How do I convert a small AC current into DC current?

Discussion in 'The Projects Forum' started by b2386, Oct 16, 2010.

  1. b2386

    Thread Starter New Member

    Feb 9, 2010
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    I am constructing a small wind generator for a college project. I want the 0.1 V AC output of the generator to charge a battery. To do this, I need to convert the current into DC. I am familiar with things like bridge rectifier circuits, but the smallest diodes I can find have a forward "turn on" voltage of about 0.25 V, which will not even turn on for my small 0.1V signal. What are my options for getting the AC current output into the battery? Thanks
     
  2. blueroomelectronics

    AAC Fanatic!

    Jul 22, 2007
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    Bigger generator.

    How much current does the generator supply?
     
  3. marshallf3

    Well-Known Member

    Jul 26, 2010
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    Generators produce DC, alternators produce AC. What are you trying to use?
     
  4. eblc1388

    Senior Member

    Nov 28, 2008
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    Step up transformer, then rectify.
     
  5. R!f@@

    AAC Fanatic!

    Apr 2, 2009
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    what would 0.1V produce......to step..is this even practical
     
  6. b2386

    Thread Starter New Member

    Feb 9, 2010
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    I guess the correct term is alternator. Sorry.

    Well, the project is to build our own wind flutter generator. (http://www.popularmechanics.com/science/energy/solar-wind/4224763)

    The voltage is created by small magnets moving near a metal coil so it is not going to output a large value of power (or voltage). The output of 0.1 V was just a single run with a rather sloppy coil of 500 turns using 36 guage wire. Our real coils are probably going to have at least 5x more turns. I was just trying to look at some of our options so we would have an idea in mind when it came to actually assemble the output circuitry.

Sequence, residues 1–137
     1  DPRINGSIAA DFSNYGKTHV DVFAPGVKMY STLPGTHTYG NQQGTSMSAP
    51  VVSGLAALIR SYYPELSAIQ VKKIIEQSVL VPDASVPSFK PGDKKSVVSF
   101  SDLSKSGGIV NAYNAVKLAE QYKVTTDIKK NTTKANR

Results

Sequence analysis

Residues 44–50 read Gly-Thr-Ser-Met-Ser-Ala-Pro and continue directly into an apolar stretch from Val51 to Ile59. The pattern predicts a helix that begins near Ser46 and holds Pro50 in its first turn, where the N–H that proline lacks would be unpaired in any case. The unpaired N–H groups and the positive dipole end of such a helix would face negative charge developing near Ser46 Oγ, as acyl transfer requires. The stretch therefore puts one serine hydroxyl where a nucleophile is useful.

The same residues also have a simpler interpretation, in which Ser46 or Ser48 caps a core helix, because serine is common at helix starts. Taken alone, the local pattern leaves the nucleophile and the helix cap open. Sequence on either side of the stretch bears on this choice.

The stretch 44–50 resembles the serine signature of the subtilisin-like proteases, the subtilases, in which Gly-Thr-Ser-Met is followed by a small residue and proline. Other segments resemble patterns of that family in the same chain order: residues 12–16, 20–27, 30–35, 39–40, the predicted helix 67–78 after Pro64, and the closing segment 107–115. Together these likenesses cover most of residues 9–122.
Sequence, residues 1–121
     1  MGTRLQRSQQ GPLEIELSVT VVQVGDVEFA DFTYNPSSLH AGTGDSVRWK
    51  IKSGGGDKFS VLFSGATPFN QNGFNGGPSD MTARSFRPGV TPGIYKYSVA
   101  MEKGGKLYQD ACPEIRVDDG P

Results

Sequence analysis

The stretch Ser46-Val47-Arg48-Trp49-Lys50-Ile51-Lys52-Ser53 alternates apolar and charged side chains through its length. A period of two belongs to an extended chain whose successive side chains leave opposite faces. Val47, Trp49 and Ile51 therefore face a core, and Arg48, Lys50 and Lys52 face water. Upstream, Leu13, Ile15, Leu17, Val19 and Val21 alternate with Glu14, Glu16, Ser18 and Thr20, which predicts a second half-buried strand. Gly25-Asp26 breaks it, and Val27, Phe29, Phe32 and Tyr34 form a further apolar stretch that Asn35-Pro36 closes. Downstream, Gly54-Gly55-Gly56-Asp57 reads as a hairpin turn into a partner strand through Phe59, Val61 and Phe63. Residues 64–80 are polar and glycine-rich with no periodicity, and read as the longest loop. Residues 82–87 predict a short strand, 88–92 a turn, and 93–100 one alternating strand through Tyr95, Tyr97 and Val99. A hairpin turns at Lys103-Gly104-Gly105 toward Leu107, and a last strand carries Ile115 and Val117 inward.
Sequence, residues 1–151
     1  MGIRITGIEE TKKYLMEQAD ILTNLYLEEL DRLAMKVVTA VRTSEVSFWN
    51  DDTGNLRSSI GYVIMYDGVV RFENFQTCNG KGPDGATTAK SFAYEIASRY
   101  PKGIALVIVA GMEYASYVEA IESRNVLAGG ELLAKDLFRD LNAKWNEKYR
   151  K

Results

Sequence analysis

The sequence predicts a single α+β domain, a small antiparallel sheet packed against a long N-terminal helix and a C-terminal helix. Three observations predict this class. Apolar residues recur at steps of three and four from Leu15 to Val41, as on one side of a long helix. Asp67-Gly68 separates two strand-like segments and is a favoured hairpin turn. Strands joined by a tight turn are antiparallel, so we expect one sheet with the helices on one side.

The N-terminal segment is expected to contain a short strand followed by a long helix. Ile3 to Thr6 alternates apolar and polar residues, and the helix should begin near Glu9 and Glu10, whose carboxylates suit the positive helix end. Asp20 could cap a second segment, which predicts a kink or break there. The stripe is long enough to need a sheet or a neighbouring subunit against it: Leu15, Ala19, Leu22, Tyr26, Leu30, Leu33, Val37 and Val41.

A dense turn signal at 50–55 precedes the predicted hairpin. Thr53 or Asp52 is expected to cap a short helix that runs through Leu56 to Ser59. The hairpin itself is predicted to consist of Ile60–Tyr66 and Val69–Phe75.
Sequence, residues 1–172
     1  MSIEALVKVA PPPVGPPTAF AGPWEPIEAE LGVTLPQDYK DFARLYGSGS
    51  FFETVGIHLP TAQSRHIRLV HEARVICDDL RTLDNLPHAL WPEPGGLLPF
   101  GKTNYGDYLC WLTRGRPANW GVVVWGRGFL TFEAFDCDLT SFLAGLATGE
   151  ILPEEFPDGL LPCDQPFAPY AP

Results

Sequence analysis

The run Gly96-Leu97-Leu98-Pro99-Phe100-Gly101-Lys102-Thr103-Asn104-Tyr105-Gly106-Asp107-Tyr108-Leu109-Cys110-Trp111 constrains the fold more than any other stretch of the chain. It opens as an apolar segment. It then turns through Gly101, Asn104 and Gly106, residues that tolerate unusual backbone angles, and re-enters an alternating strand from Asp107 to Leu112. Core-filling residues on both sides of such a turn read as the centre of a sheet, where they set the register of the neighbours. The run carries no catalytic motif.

7. R!f@@

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    by practical I meant tht 0.1V is useless. U got to have a higher voltage to do anything
     
  8. R!f@@

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    See...he generate at least few volts to light the LED's.

    That is pretty awesome.
     
  9. b2386

    Thread Starter New Member

    Feb 9, 2010
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    In some other article or interview (not this one), he says that he boosts the low voltage generator output with a device that can be found in any old radio. However, he never mentions what it was specifically. Does anyone have any idea what the device may be that he is referring to?
     
  10. wayneh

    Expert

    Sep 9, 2010
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    Audio transformers were used to match high impedance circuits to low impedance of the speaker. Not sure what the winding ratio would be, but perhaps at least 10 to 1. Put the low voltage on the "speaker" side and you might get something useable out the high end.

    But, aren't there "energy harvesting" modules these days, intended exactly for this type of application? They're not super cheap - I think $10-15 each but probably worth it if it saves a load of hassle.
     
  11. capnray

    Member

    Jul 3, 2010
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    Power in equals power out. Your AC generator must first be capable of providing the power to rectify and then charge the battery. The .1V could be amplified to provide RPM, however, charging a battery with that kind of output is out of the question. You also need to consider that power generation will impede the rotation of the fan/windmill.
     
  12. b2386

    Thread Starter New Member

    Feb 9, 2010
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    Hi all,